When the Nehemiah project launched in the 1980s, it sold houses to residents of East New York for as little as $39,000. The church-run program would buy abandoned, city-owned properties and erect inexpensive homes for residents that met the program’s strict financial credibility checks. Nowadays, Nehemiah (named after the post-exile Biblical character who rebuilt Jerusalem) homes sell for as much as $120,000, but this is still well below market rates for similar properties. NPR profiled the organization this week, pointing out that the project has stringent financial checks to ensure that applicants are not involved in any criminal activity and to ensure that they will not default on their mortgages (applicants can spend no more than 20 percent of their income on the mortgage; no more than ten out of over 4,000 homes have been foreclosed in the program’s entire history). Zandra Brockman, an applicant to the program, said the application process was worth the result: “Where else could we live at the prices we had?” she told NPR. “It was truly a blessing for us.” The article adds that applicants who are rejected often organize their finances and re-apply later successfully. Sarah Plowden, who works for Nehemiah and also owns a home through the program, said: “We more than just bought homes. We bought into one another as a people.” Low-Cost Brooklyn Housing Sees Few Foreclosures [NPR] Affordable Houses Infused With Color [NY Times] Low-Income? You’re Kidding! [NY Magazine]
Today marks one week since the shooting at Parkside Donut and Kennedy Fried Chicken, at 188 Parkside Avenue in Lefferts Gardens. An impromptu memorial has grown next door to the restaurant for Brian Scott, a.k.a. Cozmik, an 18-year-old rising star of urban inline skating. Two other men were shot, both in stable condition. Rising Inline Skater Is Fatally Shot in Brooklyn [NY Times]
At the Walk Don’t Destroy Brooklyn fundraiser held Saturday by Develop Don’t Destroy Brooklyn, DDDB announced that it would file another lawsuit today against the Atlantic Yards development project, this time regarding “the failure of the Empire State Development Corporation to issue a Supplemental Environmental Impact Statement in response to changes in the project,” according to the Atlantic Yards Report. This lawsuit, sponsored by 19 community organizations, joins two other major lawsuits currently in the courts, both co-sponsored by DDDB: the massive eminent domain case and the MTA case. Update: DDDB along with 19 other community groups did in fact file suit earlier today. Read all about it here. DDDB: New Lawsuit Challenging Atlantic Yards [AYR] Atlantic Yards: Suit Filed Against MTA [Brownstoner] Oral Arguments over Eminent Domain at Atlantic Yards [Brownstoner] Photo by Tracy Collins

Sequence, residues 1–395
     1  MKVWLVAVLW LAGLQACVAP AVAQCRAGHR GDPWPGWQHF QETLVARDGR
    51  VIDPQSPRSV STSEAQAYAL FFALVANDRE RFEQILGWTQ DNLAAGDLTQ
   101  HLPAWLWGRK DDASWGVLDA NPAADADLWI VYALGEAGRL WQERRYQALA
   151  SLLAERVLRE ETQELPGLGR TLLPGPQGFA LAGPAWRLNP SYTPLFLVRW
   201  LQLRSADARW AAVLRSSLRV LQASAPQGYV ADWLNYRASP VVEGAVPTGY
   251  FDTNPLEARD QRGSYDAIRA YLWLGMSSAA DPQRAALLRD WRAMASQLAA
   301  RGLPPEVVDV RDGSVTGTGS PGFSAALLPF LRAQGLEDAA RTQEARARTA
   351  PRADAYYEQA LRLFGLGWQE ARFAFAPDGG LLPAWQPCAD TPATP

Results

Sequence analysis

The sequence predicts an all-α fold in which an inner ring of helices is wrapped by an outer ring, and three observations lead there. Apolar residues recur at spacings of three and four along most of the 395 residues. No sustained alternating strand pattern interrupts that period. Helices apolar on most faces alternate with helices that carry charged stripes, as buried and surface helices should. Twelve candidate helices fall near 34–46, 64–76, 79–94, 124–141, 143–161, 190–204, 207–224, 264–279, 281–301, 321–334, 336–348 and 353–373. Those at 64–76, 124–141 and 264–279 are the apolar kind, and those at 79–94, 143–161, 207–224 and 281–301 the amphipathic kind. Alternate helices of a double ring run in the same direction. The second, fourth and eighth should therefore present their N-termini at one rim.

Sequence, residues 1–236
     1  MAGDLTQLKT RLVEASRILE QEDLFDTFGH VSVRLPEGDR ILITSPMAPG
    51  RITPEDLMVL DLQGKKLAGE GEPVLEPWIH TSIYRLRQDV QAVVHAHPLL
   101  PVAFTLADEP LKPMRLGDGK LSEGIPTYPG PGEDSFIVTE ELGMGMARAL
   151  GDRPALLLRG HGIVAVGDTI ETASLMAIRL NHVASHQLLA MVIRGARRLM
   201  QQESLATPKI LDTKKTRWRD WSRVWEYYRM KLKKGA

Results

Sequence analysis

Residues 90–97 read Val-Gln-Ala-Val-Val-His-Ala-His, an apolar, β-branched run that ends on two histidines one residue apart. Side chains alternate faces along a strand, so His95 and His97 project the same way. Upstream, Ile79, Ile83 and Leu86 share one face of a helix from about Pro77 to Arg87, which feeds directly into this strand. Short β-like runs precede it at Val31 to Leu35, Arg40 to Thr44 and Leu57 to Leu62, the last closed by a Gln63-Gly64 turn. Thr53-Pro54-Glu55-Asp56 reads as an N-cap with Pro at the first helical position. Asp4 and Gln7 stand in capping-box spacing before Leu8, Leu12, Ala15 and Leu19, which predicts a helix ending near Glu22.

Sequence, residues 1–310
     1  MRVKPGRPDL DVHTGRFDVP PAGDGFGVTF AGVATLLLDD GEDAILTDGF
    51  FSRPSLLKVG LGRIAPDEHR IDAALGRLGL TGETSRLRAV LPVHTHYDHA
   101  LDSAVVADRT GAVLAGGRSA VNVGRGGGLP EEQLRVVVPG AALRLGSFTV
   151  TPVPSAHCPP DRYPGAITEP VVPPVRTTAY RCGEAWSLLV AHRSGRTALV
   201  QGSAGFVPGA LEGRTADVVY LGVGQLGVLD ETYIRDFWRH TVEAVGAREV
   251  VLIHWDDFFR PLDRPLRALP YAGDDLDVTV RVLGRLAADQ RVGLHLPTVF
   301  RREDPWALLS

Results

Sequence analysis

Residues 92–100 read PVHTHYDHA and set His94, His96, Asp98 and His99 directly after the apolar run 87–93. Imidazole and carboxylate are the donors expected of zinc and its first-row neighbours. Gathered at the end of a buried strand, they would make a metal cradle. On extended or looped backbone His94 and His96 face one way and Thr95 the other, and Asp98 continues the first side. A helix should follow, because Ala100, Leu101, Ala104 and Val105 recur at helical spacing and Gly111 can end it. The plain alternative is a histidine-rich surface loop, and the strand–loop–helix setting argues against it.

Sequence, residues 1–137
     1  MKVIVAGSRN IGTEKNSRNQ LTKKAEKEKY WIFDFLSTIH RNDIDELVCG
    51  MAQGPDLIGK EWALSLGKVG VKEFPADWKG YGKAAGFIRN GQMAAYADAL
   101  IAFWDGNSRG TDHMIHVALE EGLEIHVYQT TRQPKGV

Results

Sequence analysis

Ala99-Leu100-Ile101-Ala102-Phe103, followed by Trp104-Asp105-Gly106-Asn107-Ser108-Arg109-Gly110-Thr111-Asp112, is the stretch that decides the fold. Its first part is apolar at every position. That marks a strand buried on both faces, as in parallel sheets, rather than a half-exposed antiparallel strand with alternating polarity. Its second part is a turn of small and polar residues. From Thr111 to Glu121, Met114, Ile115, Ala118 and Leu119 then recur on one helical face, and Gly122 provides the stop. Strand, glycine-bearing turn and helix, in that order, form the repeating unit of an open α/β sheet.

As we mentioned last week, CNR Healthcare was hoping to get special upzoning and build an outsized supportive services facility on Lefferts Place in Clinton Hill. At a community meeting held last Thursday with politicians who supported the idea, locals fought back passionately, according to The New York Times. Our concern isn’t with the low-income housing for seniors; the project itself is an amazing and important project, said John Katsos, president of the civic association. We just feel that a project at that size and design is not inclusive of the community. Rezoning will set a bad precedent by opening up the entire block to massive development, and we’re all private residents. In the face of community backlash, the politicians wobbled, and CNR said that it would not pursue the development project without support from the community. We have to go back, assess what we learned tonight and figure out what our next steps are, said Mitch Korbey, a lawyer representing CNR. GMAP Prospects Dimming for Lefferts Senior Complex [The Local, NYT] Meeting About Special Lefferts Rezoning Request Tonight [Brownstoner] Lefferts Place Threatened by Healthcare Developer [Brownstoner]